Half Million Dollars Awarded In Religious Discrimination Lawsuit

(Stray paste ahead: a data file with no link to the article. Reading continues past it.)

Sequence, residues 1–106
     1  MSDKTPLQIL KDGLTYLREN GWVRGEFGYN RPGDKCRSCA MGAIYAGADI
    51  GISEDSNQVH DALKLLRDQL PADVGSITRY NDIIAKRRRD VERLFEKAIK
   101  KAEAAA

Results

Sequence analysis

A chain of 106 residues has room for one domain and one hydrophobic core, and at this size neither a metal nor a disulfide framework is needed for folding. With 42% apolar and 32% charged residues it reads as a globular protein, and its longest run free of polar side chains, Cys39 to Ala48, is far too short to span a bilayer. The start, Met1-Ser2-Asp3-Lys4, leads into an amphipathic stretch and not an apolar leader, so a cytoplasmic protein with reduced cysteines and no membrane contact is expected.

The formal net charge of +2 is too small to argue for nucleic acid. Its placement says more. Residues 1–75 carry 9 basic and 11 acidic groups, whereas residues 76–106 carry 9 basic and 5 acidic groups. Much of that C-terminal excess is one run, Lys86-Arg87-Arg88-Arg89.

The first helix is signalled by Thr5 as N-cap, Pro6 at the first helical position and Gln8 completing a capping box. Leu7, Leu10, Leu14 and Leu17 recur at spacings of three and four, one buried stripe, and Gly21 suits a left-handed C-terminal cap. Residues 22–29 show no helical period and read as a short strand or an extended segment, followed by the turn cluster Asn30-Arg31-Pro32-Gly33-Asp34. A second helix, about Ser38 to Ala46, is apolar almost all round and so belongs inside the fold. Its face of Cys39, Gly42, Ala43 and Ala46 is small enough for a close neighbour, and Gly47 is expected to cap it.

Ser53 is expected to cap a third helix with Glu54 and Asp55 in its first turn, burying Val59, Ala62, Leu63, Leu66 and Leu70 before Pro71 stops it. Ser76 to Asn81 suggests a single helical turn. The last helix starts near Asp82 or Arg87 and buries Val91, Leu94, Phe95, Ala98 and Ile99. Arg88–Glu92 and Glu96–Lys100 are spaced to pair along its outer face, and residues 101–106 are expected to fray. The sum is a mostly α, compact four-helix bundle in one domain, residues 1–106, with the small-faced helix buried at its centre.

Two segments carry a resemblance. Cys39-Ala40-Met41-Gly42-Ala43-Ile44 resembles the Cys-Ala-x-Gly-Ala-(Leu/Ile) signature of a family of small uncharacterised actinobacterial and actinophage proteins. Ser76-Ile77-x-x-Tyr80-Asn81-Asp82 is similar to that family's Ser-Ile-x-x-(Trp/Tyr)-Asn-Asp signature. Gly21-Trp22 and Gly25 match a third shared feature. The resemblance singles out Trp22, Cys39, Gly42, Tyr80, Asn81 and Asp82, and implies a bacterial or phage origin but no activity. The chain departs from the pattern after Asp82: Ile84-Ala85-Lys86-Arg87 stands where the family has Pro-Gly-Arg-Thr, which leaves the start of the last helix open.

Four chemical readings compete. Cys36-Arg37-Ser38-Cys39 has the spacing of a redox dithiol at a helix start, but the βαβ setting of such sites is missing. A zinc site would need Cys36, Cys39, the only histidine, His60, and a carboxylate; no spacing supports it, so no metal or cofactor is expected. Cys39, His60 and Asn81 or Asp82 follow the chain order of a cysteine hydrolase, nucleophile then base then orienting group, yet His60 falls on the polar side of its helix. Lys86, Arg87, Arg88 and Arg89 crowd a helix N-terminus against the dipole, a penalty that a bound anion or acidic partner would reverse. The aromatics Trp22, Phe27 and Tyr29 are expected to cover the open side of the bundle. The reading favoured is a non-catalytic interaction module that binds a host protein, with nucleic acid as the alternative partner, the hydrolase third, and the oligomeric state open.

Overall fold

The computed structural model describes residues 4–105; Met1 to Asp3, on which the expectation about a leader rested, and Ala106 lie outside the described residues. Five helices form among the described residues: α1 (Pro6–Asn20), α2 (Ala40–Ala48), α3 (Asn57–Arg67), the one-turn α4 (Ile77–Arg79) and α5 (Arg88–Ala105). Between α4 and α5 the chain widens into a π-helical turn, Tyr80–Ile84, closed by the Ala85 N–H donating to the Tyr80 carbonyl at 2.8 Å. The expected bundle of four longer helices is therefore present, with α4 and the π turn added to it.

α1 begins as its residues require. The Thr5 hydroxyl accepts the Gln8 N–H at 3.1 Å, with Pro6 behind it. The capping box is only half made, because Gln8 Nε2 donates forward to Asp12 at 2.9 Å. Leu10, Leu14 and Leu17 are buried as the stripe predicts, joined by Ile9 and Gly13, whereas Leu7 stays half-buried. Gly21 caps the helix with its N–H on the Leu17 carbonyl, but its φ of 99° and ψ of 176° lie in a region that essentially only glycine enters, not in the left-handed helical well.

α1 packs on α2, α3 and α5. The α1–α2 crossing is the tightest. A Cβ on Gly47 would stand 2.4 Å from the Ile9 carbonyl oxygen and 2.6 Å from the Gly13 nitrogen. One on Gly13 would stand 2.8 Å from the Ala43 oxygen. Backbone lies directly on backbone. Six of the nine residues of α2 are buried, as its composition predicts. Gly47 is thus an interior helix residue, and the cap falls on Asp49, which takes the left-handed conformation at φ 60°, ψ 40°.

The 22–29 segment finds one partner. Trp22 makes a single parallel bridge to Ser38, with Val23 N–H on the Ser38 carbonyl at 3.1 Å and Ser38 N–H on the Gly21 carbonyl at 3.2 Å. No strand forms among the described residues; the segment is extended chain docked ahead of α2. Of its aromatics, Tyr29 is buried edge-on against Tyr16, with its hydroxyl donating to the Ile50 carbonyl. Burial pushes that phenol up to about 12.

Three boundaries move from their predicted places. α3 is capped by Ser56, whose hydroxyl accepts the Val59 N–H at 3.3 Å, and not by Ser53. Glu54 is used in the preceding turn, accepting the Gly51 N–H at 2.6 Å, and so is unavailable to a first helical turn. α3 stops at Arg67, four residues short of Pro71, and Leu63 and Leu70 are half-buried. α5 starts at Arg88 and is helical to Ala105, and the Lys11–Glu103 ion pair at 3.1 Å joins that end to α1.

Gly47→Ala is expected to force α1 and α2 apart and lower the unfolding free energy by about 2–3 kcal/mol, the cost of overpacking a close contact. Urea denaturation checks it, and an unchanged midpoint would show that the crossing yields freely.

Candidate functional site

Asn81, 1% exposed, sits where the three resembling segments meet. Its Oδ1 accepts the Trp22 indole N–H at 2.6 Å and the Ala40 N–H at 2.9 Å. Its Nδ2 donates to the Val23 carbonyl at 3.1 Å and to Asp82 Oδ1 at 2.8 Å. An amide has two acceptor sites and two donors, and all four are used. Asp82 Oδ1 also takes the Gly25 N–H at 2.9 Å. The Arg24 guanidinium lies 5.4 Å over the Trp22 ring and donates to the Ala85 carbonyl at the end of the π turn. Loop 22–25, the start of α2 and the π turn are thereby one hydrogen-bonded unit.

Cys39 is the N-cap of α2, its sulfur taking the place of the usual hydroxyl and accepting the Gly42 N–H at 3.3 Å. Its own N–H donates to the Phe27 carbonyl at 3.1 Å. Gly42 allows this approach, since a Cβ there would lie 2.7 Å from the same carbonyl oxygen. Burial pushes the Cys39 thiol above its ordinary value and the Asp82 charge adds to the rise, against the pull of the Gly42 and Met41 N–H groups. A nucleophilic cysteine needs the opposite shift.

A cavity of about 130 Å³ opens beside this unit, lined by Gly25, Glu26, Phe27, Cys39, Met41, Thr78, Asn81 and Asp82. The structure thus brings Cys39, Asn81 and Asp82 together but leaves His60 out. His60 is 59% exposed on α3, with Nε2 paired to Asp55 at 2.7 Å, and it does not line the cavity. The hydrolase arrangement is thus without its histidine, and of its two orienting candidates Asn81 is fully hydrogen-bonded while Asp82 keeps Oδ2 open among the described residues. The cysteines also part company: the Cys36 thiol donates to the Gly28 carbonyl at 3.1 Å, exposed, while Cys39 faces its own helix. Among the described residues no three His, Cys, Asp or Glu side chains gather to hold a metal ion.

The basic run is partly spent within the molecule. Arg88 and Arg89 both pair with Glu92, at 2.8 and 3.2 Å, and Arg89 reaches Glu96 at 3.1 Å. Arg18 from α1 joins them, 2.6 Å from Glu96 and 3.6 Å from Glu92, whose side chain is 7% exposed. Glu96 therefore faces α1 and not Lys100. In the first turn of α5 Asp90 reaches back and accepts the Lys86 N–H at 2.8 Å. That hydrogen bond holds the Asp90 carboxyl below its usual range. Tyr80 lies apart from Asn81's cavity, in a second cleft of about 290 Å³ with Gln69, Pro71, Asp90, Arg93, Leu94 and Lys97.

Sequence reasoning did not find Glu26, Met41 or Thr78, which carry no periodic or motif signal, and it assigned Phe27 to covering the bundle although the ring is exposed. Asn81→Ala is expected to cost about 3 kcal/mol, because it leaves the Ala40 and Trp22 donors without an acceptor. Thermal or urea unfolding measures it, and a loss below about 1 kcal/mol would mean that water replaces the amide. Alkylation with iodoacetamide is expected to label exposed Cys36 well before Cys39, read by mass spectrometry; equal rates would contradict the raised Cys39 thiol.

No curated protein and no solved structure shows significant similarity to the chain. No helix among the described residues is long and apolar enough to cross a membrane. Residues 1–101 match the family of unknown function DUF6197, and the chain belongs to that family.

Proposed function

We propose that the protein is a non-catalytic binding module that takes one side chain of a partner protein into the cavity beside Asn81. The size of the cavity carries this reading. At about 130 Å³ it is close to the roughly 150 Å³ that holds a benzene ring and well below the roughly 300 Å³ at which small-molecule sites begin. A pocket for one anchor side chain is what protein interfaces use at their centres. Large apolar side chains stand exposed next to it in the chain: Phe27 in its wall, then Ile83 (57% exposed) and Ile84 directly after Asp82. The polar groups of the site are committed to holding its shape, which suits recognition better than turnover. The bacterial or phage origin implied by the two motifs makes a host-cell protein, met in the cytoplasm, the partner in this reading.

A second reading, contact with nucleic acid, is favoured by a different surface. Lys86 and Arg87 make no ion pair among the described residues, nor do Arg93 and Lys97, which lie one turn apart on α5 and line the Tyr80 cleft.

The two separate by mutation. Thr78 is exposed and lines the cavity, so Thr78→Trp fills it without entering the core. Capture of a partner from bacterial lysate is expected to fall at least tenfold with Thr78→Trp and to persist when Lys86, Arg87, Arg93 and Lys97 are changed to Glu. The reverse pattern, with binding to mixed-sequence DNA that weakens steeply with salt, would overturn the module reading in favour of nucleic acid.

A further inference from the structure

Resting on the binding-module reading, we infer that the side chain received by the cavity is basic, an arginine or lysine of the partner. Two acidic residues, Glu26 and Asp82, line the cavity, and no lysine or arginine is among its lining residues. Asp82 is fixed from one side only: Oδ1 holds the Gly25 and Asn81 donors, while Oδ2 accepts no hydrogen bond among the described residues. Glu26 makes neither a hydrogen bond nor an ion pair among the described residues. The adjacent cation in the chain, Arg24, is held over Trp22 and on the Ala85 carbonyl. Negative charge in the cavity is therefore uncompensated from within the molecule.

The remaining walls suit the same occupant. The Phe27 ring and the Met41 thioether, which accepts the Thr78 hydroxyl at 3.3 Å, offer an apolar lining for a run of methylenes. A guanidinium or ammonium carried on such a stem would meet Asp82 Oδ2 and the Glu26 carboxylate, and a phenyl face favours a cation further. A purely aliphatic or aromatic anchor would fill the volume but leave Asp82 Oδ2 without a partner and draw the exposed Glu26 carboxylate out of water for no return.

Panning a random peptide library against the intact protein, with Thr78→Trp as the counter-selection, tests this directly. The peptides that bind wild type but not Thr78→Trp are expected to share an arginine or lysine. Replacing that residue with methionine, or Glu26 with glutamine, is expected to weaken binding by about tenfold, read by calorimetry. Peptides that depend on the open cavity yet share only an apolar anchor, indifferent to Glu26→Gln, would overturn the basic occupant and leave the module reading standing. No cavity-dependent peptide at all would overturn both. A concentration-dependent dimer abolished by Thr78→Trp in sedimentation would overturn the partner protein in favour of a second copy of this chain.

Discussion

The EEOC won its employment discrimination lawsuit against Consolidation Coal Company and its parent CONSOL Energy, Inc.  The employee worked in Defendants’ mine for over 35 years when a new hand-scanning method was installed to track when employees clocked in and out of work.  The employee informed Defendants that using the hand-scanning technology would violate his sincerely held religious beliefs as an Evangelical Christian.  In response, Defendants refused to offer any alternate means of tracking the employee’s attendance and time and told him that he would be disciplined and perhaps discharged if he did not use the hand-scanner.  The employee was forced to retire.  The jury found that Defendants had violated federal law by forcing a long-time employee to retire because they refused to accommodate his sincerely-held religious beliefs.  The Court issued an order awarding $586,860 in lost wages, benefits, and injunctive relief.  Defendants were also permanently enjoined from committing similar acts in the future in violation of Title VII.  Employers must grant reasonable accommodations for employee religious beliefs that conflict with work requirements pursuant to Title VII of the Civil Rights Act of 1964, unless the reasonable accommodation would create an undue hardship on the employer’s business.

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